Sex ratio: at birth: 1.05 male(s)/female
0-14 years: 1.03 male(s)/female
15-24 years: 1.09 male(s)/female
25-54 years: 1.03 male(s)/female
55-64 years: 1.24 male(s)/female
65 years and over: 1.35 male(s)/female
total population: 1.06 male(s)/female (2018 est.)
Maternal mortality rate: 789 deaths/100,000 live births (2015 est.)
Infant mortality rate: total: 90.4 deaths/1,000 live births male: 97.1 deaths/1,000 live births
female: 83.5 deaths/1,000 live births (2018 est.)
Total fertility rate: 5.34 children born/woman (2018 est.)
Contraceptive prevalence rate: 4% (2010)
Drinking water source: improved:
urban: 66.7% of population
rural: 56.9% of population
total: 58.7% of population

unimproved:
urban: 33.3% of population
rural: 43.1% of population
total: 41.3% of population (2015 est.)
Sanitation facility access: improved:
urban: 16.4% of population (2015 est.)
rural: 4.5% of population (2015 est.)
total: 6.7% of population (2015 est.)

unimproved:
urban: 83.6% of population (2015 est.)
rural: 95.5% of population (2015 est.)
total: 93.3% of population (2015 est.)
HIV/AIDS - adult prevalence rate: 2.4% (2017 est.)
HIV/AIDS - people living with HIV/AIDS: 150,000 (2017 est.)
HIV/AIDS - deaths: 12,000 (2017 est.)
Obesity - adult prevalence rate: 6.6% (2014)
Children under the age of 5 years underweight: 29.1% (2010)
Education expenditures: 1% of GDP (2017)
Literacy: definition: age 15 and over can read and write (2009 est.)
total population: 27%
male: 40%
female: 16% (2009 est.) Unemployment, youth ages 15-24: total: 38.6% male: 39.5% female: 37.4% (2017 est.)
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 Government
Country name: conventional long form: Republic of South Sudan
conventional short form: South Sudan
etymology: self-descriptive name from the country's former position within Sudan prior to independence; the name "Sudan" derives from the Arabic "bilad-as-sudan" meaning "Land of the Black [peoples]"
Government type: presidential republic
Capital: name: Juba
geographic coordinates: 04 51 N, 31 37 E
time difference: UTC+3 (8 hours ahead of Washington, DC, during Standard Time)
Administrative divisions: 10 states; Central Equatoria, Eastern Equatoria, Jonglei, Lakes, Northern Bahr el Ghazal, Unity, Upper Nile, Warrap, Western Bahr el Ghazal, Western Equatoria; note - in 2015, the creation of 28 new states was announced and in 2017 four additional, but these 32 states have not yet been vetted by the US Board on Geographic Names
Independence: 9 July 2011 (from Sudan)
National holiday: Independence Day, 9 July (2011)
Constitution: history: previous 2005 (preindependence); latest signed 7 July 2011, effective 9 July 2011 (Transitional Constitution of the Republic of South Sudan, 2011) amendments: proposed by the National Legislature or by the president of the republic; passage requires submission of the proposal to the Legislature at least one month prior to consideration, approval by at least two-thirds majority vote in both houses of the Legislature, and assent by the president; amended 2013, 2015, 2018 (2018)
Legal system:
Suffrage: 18 years of age; universal
Executive branch: chief of state: President Salva KIIR Mayardit (since 9 July 2011); First Vice President Taban Deng GAI (since 26 July 2016); Second Vice President James Wani IGGA (since 26 April 2016); note - the president is both chief of state and head of government

head of government: President Salva KIIR Mayardit (since 9 July 2011); First Vice President Taban Deng GAI (since 26 July 2016); Second Vice President James Wani IGGA (since 26 April 2016)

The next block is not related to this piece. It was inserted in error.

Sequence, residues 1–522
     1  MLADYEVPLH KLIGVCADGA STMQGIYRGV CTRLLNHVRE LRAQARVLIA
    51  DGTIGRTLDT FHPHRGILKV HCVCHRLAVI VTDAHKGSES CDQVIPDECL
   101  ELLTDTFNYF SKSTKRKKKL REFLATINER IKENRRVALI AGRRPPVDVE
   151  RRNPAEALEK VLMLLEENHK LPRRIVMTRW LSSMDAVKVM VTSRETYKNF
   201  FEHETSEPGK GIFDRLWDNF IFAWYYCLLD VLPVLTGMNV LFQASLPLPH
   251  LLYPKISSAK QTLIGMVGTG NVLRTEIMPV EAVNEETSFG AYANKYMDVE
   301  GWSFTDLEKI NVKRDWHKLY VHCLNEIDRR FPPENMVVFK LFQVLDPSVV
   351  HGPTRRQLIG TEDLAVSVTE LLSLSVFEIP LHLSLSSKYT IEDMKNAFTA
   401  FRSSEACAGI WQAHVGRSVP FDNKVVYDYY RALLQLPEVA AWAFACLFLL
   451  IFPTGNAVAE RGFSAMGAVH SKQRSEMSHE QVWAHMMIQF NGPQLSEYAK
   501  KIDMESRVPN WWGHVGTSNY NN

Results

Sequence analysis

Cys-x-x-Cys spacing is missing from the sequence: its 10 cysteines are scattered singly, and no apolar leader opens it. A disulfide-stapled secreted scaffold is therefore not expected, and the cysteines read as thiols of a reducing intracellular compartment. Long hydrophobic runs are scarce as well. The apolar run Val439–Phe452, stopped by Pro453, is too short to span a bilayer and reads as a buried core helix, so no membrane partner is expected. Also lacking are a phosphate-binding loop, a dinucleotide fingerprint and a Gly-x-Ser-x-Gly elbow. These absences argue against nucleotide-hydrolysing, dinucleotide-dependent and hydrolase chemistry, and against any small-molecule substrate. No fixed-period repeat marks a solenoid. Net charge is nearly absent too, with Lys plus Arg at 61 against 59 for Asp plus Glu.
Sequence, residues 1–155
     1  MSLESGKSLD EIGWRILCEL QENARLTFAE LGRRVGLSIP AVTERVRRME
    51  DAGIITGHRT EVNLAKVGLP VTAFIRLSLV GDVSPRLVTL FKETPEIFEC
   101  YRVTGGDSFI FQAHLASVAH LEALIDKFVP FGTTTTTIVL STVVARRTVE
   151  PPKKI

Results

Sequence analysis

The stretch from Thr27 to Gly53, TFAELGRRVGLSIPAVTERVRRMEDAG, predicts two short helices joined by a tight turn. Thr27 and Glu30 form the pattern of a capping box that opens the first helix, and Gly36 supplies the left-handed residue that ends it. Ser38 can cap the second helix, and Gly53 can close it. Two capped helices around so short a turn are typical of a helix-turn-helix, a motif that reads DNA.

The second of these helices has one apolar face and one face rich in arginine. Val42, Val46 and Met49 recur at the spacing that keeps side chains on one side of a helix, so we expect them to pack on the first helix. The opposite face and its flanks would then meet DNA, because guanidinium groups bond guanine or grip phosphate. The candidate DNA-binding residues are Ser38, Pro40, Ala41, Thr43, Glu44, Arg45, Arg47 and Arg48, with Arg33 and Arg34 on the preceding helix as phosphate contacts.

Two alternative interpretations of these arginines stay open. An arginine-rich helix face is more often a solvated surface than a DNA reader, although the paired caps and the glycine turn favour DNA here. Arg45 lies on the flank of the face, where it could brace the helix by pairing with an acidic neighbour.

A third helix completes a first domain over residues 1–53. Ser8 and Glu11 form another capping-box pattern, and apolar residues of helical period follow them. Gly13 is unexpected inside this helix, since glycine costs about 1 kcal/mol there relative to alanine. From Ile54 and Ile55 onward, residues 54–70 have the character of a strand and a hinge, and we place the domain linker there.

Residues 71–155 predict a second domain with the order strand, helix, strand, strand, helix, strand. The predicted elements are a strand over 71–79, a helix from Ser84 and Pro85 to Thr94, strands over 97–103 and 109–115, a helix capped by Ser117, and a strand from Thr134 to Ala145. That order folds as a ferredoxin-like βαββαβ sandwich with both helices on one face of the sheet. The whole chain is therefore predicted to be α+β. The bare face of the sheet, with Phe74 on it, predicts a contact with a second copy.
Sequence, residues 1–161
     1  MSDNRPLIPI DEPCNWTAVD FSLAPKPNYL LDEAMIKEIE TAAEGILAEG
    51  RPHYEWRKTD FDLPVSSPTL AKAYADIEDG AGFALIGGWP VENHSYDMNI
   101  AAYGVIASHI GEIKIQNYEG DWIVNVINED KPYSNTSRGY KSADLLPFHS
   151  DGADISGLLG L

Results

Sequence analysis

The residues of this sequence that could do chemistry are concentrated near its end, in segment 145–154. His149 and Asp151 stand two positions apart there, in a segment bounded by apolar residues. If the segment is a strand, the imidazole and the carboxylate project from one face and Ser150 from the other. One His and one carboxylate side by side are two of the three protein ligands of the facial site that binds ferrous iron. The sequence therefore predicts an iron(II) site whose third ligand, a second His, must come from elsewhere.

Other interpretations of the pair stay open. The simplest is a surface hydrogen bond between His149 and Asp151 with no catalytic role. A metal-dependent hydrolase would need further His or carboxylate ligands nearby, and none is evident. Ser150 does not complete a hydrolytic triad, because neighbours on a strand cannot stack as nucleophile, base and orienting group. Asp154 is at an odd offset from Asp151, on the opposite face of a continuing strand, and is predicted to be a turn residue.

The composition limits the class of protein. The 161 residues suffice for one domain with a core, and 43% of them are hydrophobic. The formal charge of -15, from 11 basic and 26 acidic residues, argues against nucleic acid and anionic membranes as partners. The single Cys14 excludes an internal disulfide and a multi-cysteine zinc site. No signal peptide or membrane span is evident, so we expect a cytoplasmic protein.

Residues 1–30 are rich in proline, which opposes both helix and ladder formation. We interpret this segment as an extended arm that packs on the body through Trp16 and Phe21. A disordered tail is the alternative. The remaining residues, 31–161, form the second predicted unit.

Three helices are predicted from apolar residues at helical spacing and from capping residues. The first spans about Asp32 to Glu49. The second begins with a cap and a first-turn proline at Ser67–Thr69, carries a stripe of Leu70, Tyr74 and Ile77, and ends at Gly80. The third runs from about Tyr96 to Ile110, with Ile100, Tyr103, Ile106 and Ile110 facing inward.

cabinet: National Council of Ministers appointed by the president, approved by the Transitional National Legislative Assembly elections/appointments: president directly elected by simple majority popular vote for a 4-year term (eligible for a second term); election last held on 11-15 April 2010 (next election scheduled for 2015 postponed to 2018 and again to 2021)

election results: Salva KIIR Mayardit elected president; percent of vote - Salva KIIR Mayardit (SPLM) 93%, Lam AKOL (SPLM-DC) 7%
Legislative branch: description: bicameral National Legislature consists of: Council of States, established by presidential decree in August 2011 (50 seats; 20 former members of the Council of States and 30 appointed representatives) Transitional National Legislative Assembly, established on 4 August 2016, in accordance with the August 2015 Agreement on the Resolution of the Conflict in the Republic of South Sudan (400 seats; 170 members elected in April 2010, 96 members of the former National Assembly, 66 members appointed after independence, and 68 members added as a result of the 2016 Agreement); the TNLA will be expanded to 550 members after the transitional government forms

elections: Council of States - established and members appointed 1 August 2011 National Legislative Assembly - last held 11-15 April 2010 but did not take office until July 2011; current parliamentary term extended until 2021)

election results: Council of States - percent of vote by party - NA; seats by party - SPLM 20, unknown 30; composition - men 44, women 6, percent of women 12% National Legislative Assembly - percent of vote by party - NA; seats by party - SPLM 251, DCP 10, independent 6, unknown 133; composition - men 291, women 109, percent of women 27.3%; note - total National Legislature percent of women 25.6%
Judicial branch: highest courts: Supreme Court of South Sudan (consists of the chief and deputy chief justices, 9 other justices and normally organized into panels of 3 justices, except when sitting as a Constitutional panel of all 9 justices chaired by the chief justice) judge selection and term of office: justices appointed by the president upon proposal of the Judicial Service Council, a 9-member judicial and administrative body; justice tenure set by the National Legislature

subordinate courts: national level - Courts of Appeal; High Courts; County Courts; state level - High Courts; County Courts; customary courts; other specialized courts and tribunals